What is the Project Definition

What is the Project Definition

Many people and organizations have defined what a project is, or should be, but probably the most authoritative definition is that given in BS 6079-2:2000 Project Management Vocabulary, which states that a project is:

A unique process, consisting of a set of co-ordinated and controlled activities with start and finish dates, undertaken to achieve objectives conforming to specific requirements, including constraints of time, cost, and resources.
The next question that can be asked is 
  1. Why does one need project management?’ 
  2. What is the difference between project management and management of any other business or enterprise? 
  3. Why has project management taken off so dramatically in the last 20 years?
The answer is that project management is essentially management of change while running a functional or ongoing business is managing a continuum or ‘business-as-usual.

Project management is not applicable to running a factory making sausage pies, but it will be the right system when there is a requirement to relocate the factory, build an extension, or produce a different product requiring new machinery, skills, staff training, and even marketing techniques. 

It is immediately apparent therefore that there is a fundamental difference between project management and functional or line management where the purpose of management is to continue the ongoing operation with as little disruption (or change) as possible. This is reflected in the characteristics of the two types of managers. While the project manager thrives on and is proactive to change,  the line manager is reactive to change and hates disruption. In practice, this often creates friction and organizational problems when a change has to be introduced.

Projects may be undertaken to generate revenue, such as introducing methods for improving cash flow or be capital projects that require additional expenditure and resources to introduce a change to the capital base of the organization. It is to this latter type of project that the techniques and methods described in this book can be most easily applied.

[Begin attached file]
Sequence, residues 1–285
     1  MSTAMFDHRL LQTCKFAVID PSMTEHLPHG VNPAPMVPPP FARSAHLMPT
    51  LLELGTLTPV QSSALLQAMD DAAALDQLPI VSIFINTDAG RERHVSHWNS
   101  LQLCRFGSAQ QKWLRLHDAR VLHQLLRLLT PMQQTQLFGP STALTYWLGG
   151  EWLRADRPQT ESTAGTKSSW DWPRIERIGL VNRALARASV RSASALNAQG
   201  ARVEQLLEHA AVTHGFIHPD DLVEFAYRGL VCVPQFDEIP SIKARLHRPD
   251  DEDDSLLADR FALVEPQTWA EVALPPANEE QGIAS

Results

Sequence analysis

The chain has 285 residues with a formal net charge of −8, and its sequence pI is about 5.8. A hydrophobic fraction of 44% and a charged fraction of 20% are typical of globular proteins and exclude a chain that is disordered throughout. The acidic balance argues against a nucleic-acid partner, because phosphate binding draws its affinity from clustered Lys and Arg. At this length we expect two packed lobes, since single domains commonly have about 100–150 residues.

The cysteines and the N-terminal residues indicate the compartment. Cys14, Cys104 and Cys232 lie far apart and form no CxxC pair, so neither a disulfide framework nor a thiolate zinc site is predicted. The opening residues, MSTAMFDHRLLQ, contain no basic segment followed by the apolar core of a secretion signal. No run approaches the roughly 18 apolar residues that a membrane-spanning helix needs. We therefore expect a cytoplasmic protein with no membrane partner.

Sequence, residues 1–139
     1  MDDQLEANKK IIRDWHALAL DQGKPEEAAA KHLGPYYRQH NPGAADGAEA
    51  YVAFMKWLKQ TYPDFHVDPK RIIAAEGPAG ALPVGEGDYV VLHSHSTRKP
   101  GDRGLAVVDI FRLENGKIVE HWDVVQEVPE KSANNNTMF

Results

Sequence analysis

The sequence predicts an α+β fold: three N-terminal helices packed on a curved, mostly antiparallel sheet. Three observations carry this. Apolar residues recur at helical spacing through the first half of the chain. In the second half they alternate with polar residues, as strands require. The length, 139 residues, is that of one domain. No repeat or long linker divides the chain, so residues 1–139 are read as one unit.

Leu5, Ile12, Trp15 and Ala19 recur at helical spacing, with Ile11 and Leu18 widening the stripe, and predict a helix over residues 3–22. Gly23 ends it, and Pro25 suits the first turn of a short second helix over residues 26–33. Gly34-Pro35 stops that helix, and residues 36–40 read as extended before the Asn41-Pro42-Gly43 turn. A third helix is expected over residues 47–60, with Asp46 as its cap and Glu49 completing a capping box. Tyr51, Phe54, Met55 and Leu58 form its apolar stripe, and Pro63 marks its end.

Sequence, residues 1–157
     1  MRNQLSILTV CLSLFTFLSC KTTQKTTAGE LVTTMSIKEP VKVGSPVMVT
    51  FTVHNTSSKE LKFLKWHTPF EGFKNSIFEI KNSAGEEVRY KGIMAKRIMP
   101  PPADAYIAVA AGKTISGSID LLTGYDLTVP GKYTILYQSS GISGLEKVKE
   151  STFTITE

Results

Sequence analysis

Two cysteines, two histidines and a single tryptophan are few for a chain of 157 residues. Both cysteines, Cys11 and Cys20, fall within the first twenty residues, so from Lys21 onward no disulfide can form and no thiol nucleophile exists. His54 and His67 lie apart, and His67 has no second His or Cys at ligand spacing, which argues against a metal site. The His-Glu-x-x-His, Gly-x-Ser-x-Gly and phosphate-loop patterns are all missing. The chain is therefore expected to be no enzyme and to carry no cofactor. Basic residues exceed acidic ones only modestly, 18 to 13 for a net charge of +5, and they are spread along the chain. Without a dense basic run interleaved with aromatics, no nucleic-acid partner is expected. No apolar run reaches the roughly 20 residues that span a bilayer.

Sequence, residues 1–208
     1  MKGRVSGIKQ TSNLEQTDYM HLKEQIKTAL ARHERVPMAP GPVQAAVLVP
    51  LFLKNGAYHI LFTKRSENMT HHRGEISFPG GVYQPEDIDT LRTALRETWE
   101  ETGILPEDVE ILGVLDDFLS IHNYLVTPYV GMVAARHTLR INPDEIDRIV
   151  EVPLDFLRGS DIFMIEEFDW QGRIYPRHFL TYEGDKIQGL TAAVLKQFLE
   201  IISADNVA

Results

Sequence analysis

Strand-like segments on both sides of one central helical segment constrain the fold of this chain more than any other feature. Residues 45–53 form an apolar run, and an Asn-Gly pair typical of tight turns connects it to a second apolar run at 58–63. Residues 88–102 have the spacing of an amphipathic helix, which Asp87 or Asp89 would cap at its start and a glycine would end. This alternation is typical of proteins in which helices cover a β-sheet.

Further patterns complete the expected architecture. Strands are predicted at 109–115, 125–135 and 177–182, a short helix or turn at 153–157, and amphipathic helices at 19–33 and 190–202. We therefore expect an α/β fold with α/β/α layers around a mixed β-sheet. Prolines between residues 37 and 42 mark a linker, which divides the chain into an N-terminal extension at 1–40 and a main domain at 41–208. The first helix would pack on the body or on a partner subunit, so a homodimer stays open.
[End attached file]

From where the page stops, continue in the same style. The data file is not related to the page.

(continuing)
This schedule shows the type of operations that are suitable for a project type of organization and which are best managed as a functional or ‘business-as-usual’ organization. 
Project Organization
Functional or line Organization
Building a house
Manufacturing bricks
Designing a car
Mass-producing cars
Organising a party
Serving the drinks
Setting up a filing system
Doing the filing
Setting up retail cash points
Selling goods & operating tills
Building a process plant
Producing sausages
Introducing a new computer system
Operating credit control procedures

Both types of operations have to be managed, but only the ones in column (a) require project management skills.

It must be emphasized that the suitability of an operation being run as a project is independent of size. Project management techniques are equally suitable for building a cathedral or a garden shed. Moving house, a very common project for many people, lends itself as effectively to project management techniques such as tender analysis and network analysis as relocating a major government department from the capital city to another town. There just is no upper or lower limit to projects!

As stated in the definition, a project has a definite starting and finishing point and must meet certain specified objectives.
Broadly these objectives, which are usually defined as part of the business case and set out in the project brief, must meet three fundamental criteria:
  • The project must be completed on time.
  • The project must be accomplished within the budgeted cost. 
  • The project must meet the prescribed quality requirements.
These criteria can be graphically represented by the well-known project triangle (Figure 1.2). Some organizations like to substitute the word ‘quality’ with ‘performance’, but the principle is the same – the operational requirements of the project must be met, and met safely. 

In certain industries like airlines, railways, and mining, etc., the fourth criterion, safety, is considered to be equally important, if not more so. In these organizations, the triangle can be replaced by a diamond now showing the four important criteria (Figure 1.3). 

The order of priority given to any of these criteria is dependent not only on the industry but also on the individual project. 

For example, in designing and constructing an aircraft, motor car, or railway carriage, safety must be paramount. The end product may cost more than budgeted or it may be late in going into service, and certain quality requirements in terms of comfort may have to be sacrificed, but under no circumstances can safety be compromised. Airplanes, cars, and railways must be safe under all operating conditions.

The following (rather obvious) examples show where different priorities on the project triangle (or diamond) apply.

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